The key themes for the Scottish Rural Parliament are being announced this week.
The themes have been identified through a survey conducted with over 1,000 people from across rural Scotland and they will be examined by people from rural communities and decision-makers at the Scottish Rural Parliament in November.
The themes are confirmed to be:
- Rural businesses and employment
- Land use, planning and land reform
- Transport infrastructure
- Protecting our natural assets and adapting to environmental changes
- Broadband and connectivity
- Support for communities to lead with confidence
Although not identified as a main theme, sufficient interest and concern arose through the consultation on the topic of ‘Delivery of health and social care’ that this will be adopted this as a future theme to follow from the first Rural Parliament in November.
Chair John Hutchison said; “This is a major step forward in delivering a collective voice for rural Scotland. We’re pleased to have had guidance from so many rural people in setting our themes and can now move ahead to create Scotland’s first Rural Parliament.
“The themes reflect a broad range of the challenges that are faced by people in rural communities and we will be examining them in some detail before presenting our findings to the Rural Parliament in November.”
Rural Affairs Secretary Richard Lochhead said; “My ambition for the Scottish Rural Parliament is to give rural communities a stronger voice and these emerging themes reflect the big issues facing those who live and work in rural Scotland today. It’s great to see the Rural Parliament making progress and the growing number of people getting involved which is key to its future success.”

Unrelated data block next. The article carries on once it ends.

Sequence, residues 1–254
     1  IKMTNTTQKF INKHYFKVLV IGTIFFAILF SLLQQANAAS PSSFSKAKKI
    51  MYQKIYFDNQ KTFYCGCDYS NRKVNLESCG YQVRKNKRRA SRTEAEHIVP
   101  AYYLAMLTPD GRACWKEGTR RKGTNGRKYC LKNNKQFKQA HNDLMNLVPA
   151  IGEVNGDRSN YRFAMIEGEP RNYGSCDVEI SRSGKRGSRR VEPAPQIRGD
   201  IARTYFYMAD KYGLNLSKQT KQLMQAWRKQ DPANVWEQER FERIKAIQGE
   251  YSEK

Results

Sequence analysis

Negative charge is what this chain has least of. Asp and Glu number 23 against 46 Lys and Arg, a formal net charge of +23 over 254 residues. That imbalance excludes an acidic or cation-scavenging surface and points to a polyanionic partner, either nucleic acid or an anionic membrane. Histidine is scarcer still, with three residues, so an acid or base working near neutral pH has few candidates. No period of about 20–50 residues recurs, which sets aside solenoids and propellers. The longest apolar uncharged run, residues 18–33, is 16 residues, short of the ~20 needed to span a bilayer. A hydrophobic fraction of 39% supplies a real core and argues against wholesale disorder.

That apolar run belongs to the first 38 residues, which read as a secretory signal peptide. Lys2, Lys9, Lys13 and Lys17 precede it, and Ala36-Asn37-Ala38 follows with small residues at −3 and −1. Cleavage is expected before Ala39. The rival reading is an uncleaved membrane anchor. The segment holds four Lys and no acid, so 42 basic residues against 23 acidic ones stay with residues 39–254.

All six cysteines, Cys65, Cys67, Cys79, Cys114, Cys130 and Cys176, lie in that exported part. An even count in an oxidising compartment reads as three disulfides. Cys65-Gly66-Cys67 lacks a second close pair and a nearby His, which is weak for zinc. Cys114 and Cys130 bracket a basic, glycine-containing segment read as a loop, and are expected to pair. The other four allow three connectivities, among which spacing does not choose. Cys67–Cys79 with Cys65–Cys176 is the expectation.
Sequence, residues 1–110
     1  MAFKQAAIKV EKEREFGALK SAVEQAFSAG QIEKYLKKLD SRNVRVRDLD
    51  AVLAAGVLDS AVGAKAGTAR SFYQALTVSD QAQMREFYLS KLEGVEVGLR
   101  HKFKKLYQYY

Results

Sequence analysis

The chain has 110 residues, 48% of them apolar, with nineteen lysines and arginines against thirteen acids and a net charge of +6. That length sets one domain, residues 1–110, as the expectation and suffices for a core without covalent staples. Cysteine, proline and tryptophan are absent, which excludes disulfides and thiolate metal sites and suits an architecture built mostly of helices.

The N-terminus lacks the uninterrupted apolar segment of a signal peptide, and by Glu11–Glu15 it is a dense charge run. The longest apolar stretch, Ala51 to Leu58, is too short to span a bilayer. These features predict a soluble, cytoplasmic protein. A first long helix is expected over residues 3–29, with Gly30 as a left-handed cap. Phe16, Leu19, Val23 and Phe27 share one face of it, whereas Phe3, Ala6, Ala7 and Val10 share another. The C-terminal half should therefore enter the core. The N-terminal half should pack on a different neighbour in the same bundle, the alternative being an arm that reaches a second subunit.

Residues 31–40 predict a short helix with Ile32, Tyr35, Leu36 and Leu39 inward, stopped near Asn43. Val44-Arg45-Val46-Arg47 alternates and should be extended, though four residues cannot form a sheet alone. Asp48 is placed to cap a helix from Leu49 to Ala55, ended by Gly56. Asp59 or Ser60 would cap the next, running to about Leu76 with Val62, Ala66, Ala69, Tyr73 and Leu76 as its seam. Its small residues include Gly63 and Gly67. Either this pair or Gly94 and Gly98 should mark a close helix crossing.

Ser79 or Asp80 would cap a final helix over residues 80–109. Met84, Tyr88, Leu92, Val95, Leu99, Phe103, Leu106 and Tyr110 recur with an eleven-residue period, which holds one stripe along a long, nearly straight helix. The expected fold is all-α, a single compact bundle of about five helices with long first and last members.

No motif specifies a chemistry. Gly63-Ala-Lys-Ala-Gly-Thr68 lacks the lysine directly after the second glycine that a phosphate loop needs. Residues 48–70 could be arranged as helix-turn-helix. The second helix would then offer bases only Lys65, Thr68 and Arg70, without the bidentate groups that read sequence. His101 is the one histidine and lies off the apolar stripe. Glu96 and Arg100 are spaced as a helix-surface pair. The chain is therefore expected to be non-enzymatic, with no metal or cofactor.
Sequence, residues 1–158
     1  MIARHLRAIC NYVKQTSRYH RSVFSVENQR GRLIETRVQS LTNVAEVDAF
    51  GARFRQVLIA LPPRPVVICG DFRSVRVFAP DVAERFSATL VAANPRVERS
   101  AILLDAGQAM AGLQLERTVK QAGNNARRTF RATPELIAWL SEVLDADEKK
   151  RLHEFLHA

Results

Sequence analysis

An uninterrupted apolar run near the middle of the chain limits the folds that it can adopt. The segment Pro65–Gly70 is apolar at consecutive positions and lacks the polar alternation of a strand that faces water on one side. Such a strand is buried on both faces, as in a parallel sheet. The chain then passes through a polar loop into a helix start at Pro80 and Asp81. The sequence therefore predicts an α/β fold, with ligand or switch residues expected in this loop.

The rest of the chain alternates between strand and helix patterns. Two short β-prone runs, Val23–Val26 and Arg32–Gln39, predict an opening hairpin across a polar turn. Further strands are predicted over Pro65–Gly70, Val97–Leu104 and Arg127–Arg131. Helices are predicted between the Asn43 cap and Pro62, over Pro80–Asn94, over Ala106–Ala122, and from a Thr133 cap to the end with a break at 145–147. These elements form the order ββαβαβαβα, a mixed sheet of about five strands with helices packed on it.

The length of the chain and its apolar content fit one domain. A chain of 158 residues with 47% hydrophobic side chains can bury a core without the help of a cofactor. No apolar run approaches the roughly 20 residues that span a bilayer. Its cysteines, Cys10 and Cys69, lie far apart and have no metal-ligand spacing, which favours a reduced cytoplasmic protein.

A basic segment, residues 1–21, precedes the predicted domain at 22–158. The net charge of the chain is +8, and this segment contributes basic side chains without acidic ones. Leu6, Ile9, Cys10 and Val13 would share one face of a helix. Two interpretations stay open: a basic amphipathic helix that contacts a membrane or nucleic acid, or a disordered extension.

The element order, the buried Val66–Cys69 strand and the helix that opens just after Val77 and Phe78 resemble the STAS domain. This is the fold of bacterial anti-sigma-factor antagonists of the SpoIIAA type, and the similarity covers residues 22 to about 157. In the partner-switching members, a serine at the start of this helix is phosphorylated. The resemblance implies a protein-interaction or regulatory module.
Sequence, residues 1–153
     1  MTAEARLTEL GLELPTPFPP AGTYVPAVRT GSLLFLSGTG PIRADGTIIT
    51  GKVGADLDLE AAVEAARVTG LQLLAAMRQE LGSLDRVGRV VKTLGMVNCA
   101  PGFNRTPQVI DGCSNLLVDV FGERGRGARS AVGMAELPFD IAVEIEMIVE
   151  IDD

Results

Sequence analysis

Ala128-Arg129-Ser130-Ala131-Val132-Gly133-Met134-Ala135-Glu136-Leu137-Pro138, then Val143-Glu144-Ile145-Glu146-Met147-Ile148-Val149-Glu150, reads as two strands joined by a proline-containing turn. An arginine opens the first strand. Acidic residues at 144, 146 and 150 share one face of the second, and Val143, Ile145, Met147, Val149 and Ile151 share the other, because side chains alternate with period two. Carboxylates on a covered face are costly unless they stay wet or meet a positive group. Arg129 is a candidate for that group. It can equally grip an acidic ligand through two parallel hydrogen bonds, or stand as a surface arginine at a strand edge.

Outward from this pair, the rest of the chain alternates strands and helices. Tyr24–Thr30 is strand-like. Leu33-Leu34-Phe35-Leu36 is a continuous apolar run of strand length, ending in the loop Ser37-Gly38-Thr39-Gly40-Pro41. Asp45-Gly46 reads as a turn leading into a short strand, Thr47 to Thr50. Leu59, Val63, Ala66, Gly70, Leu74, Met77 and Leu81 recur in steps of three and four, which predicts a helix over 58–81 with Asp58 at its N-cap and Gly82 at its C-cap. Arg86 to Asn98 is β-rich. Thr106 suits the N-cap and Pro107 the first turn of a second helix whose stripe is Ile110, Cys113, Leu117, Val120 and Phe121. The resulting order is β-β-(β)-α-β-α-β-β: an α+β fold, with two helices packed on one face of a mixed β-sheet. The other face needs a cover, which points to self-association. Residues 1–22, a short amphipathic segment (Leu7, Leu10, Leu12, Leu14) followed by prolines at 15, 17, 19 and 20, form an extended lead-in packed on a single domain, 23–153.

The Scottish Rural Parliament will bring together community people and decision-makers from public bodies, NGOs and private bodies, with the aim of improving rural policy and finding better ways of providing services. There are currently local Rural Parliament events taking place all over rural Scotland which can be accessed by the public and which will contribute to the discussion at the Rural Parliament.
The Rural Parliament follows in the footsteps of other European countries where Rural Parliaments have been established for over 20 years and provides a link to this network through the European Rural Parliament.
The first Scottish Rural Parliament will be held in Oban in November 2014 and will bring together 400 people from rural communities and decision making bodies to make recommendations about the best way forward on key themes. These recommendations could be for implementation at a community, local, national or European level. Bookings for the event are opening in August. To attend the event, sign up on the Scottish Rural Parliament website for updates.
A number of key organisations have recently expressed support for the Scottish Rural Parliament’s chosen themes: